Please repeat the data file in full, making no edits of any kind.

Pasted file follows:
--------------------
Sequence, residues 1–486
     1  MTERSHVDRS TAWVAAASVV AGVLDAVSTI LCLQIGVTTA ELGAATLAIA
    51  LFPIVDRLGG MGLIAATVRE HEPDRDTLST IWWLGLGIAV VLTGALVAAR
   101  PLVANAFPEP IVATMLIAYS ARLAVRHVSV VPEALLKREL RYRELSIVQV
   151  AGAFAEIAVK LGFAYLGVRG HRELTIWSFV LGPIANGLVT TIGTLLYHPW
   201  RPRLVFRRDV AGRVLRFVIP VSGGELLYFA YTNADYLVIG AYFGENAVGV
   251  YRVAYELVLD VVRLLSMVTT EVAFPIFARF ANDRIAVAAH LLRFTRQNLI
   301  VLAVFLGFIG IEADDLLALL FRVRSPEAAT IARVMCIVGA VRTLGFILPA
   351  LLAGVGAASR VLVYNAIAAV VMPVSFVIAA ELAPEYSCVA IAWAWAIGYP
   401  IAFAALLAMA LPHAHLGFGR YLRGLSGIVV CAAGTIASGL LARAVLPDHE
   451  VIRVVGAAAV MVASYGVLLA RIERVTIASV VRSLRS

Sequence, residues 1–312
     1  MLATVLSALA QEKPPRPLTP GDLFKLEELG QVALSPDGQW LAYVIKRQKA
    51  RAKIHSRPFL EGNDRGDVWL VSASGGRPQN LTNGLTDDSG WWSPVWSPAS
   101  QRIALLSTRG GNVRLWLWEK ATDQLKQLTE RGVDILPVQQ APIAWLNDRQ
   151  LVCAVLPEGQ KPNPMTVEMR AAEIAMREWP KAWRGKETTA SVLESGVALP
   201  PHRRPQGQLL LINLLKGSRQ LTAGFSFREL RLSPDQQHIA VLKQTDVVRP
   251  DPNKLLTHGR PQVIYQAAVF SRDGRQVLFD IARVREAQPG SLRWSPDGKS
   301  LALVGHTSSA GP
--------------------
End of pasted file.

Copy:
Sequence, residues 1–486
     1  MTERSHVDRS TAWVAAASVV AGVLDAVSTI LCLQIGVTTA ELGAATLAIA
    51  LFPIVDRLGG MGLIAATVRE HEPDRDTLST IWWLGLGIAV VLTGALVAAR
   101  PLVANAFPEP IVATMLIAYS ARLAVRHVSV VPEALLKREL RYRELSIVQV
   151  AGAFAEIAVK LGFAYLGVRG HRELTIWSFV LGPIANGLVT TIGTLLYHPW
   201  RPRLVFRRDV AGRVLRFVIP VSGGELLYFA YTNADYLVIG AYFGENAVGV
   251  YRVAYELVLD VVRLLSMVTT EVAFPIFARF ANDRIAVAAH LLRFTRQNLI
   301  VLAVFLGFIG IEADDLLALL FRVRSPEAAT IARVMCIVGA VRTLGFILPA
   351  LLAGVGAASR VLVYNAIAAV VMPVSFVIAA ELAPEYSCVA IAWAWAIGYP
   401  IAFAALLAMA LPHAHLGFGR YLRGLSGIVV CAAGTIASGL LARAVLPDHE
   451  VIRVVGAAAV MVASYGVLLA RIERVTIASV VRSLRS

Sequence, residues 1–312
     1  MLATVLSALA QEKPPRPLTP GDLFKLEELG QVALSPDGQW LAYVIKRQKA
    51  RAKIHSRPFL EGNDRGDVWL VSASGGRPQN LTNGLTDDSG WWSPVWSPAS
   101  QRIALLSTRG GNVRLWLWEK ATDQLKQLTE RGVDILPVQQ APIAWLNDRQ
   151  LVCAVLPEGQ KPNPMTVEMR AAEIAMREWP KAWRGKETTA SVLESGVALP
   201  PHRRPQGQLL LINLLKGSRQ LTAGFSFREL RLSPDQQHIA VLKQTDVVRP
   251  DPNKLLTHGR PQVIYQAAVF SRDGRQVLFD IARVREAQPG SLRWSPDGKS
   301  LALVGHTSSA GP